End of post.
While Catalina’s attempt to explain the schematics of her plan for a space railroad may be the gold standard, Ponor is far from the only member of the “Is this…what is this?” beam hall of fame. The US system has been churning out champions left and right for years and years.
For artistry. We do so much for artistry. And has it ever said thank you? Even once? Pssh.
I mean, who can forget The Legend of Ol’ Flappy?
Fly away home, Nastia. Fly away home.
Like any great artist, she inspired a generation who wanted to be just like her.
Nope. Fallen out of the nest.
We all remember where we were the first time we saw this revelation.
Scholars have hotly debated the author’s intent in this piece since its debut, and they may never stop. Is she advertising an old-people smoothie juicer? Milking a hover-cow? Explaining how many Memmels it takes to screw in a lightbulb? (Four?) Perhaps it’s intentionally ambiguous. For art.
Again, not quite. Pull it together, Amelia.
I will admit, it is a very difficult skill. So undervalued in the code. Wieber could only pull off a half-Memmel and ultimately did not get credit for it in London.
You’ll never make a breakfast smoothie at this rate, Jordyn.
MyKayla Skinner is among the more conceptual members of the current school, and I have to say that many of her pieces are reminiscent of Yoko Ono’s early work.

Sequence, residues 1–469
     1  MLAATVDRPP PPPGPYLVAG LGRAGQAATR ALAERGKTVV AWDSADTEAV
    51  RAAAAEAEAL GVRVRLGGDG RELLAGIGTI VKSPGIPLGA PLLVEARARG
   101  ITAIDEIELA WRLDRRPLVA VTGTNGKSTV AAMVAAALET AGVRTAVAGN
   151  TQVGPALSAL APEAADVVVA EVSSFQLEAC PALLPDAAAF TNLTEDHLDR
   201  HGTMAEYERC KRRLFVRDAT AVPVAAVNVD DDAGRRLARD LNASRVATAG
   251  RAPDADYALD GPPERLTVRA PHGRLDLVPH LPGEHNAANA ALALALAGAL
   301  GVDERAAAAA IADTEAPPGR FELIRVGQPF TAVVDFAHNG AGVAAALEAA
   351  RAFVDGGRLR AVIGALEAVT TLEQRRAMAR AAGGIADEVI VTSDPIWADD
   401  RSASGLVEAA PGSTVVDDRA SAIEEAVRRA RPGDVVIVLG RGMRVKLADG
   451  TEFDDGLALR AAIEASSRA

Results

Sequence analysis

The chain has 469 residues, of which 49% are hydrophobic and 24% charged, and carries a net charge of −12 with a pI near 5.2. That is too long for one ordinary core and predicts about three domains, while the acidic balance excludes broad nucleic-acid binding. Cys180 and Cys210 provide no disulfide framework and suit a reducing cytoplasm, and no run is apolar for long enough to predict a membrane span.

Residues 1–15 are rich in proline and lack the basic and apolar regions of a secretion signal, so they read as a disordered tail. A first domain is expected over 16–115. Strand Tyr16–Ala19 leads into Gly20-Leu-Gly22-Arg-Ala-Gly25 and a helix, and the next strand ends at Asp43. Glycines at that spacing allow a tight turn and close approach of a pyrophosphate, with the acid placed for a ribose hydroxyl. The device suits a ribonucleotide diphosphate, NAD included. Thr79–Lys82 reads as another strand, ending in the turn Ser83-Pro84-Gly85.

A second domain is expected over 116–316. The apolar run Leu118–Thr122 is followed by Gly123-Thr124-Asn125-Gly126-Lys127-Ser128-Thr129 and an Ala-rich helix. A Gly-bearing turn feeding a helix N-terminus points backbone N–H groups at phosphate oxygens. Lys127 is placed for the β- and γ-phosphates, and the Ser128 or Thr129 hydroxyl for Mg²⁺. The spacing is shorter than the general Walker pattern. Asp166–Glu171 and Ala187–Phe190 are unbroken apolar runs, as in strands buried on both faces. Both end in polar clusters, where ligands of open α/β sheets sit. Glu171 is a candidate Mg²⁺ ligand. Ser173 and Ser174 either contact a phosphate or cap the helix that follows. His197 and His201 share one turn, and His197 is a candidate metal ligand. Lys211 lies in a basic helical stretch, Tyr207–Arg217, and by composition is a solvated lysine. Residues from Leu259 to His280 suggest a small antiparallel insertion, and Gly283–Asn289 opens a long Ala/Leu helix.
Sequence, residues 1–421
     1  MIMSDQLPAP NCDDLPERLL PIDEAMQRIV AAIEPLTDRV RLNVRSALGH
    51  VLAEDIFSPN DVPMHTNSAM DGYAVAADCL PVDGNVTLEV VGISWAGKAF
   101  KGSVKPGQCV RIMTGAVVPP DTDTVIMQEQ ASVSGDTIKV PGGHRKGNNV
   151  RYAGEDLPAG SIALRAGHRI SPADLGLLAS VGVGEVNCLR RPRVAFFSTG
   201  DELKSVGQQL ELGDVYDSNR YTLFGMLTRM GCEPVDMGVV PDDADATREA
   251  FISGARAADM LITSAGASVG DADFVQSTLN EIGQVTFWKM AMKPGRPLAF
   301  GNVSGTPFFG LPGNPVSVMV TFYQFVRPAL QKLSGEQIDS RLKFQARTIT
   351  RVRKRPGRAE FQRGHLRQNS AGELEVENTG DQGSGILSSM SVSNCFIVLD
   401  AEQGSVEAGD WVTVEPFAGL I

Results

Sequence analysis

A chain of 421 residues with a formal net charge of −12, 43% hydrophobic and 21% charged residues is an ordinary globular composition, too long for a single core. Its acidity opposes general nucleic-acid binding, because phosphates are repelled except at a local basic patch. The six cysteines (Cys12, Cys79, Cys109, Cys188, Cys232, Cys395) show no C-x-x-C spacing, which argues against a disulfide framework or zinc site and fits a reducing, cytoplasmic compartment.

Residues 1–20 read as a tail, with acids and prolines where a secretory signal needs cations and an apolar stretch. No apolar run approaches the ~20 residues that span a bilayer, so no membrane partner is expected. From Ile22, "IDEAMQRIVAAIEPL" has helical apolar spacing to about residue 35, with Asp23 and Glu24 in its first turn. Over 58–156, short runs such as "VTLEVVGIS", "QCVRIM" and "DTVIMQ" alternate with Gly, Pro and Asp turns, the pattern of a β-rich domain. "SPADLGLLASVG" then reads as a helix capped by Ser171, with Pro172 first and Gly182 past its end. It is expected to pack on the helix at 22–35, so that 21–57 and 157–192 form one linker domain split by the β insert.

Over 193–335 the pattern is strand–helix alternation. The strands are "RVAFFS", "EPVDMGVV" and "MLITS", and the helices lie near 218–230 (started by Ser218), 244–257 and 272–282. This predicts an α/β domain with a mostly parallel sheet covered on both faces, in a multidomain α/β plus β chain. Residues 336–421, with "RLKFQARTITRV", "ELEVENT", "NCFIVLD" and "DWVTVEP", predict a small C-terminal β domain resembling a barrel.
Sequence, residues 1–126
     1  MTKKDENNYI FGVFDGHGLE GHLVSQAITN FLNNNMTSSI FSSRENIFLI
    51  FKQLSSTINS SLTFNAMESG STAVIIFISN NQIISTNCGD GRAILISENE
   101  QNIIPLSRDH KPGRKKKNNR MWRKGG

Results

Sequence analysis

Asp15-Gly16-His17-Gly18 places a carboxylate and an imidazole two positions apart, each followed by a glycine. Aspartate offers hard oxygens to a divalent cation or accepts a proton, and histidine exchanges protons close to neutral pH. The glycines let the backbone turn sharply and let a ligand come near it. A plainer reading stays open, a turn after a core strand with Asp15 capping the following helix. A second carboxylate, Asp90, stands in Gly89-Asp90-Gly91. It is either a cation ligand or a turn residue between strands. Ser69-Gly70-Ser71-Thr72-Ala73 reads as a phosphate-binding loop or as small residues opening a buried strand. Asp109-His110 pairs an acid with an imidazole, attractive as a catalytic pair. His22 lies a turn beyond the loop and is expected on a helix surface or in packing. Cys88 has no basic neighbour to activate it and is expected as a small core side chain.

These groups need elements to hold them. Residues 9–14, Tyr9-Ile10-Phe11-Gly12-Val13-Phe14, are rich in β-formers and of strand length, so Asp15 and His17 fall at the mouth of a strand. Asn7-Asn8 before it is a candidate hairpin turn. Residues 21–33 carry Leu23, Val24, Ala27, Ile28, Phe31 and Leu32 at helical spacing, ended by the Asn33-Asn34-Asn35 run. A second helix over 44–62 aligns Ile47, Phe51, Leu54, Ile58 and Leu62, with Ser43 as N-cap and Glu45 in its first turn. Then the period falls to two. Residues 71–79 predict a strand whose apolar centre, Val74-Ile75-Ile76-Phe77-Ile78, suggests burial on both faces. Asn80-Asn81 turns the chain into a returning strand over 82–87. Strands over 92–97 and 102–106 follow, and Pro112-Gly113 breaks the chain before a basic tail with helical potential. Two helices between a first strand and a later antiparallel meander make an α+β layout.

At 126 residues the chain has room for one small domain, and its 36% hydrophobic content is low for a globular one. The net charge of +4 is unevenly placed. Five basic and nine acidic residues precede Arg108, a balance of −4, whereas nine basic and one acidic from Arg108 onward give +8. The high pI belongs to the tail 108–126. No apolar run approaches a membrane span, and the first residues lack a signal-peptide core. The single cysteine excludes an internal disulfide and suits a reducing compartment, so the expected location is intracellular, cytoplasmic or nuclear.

This one, entitled Squash a tomato. Throw it under your armpit. Repeat until dead, is a personal favorite.
But of course her most famous piece must be Stab a boob. Take a selfie. Stab a boob. So influential.
To this day, we all lament that Alicia was driven into retirement because of inner-thigh-caress calluses. Overuse injuries, you guys. The silent killer.
Still, Alicia will only truly have left gymnastics when none remain who are loyal to the inner-thigh caress.
So, whether you’re pulling a golden sword from the heavens only to realize that it’s much, much heavier than you thought…
Or kicking open the doggie door to crawl into the kitchen in the dead of night…
Always remember the fundamental rule of attempting to look artistic on the beam.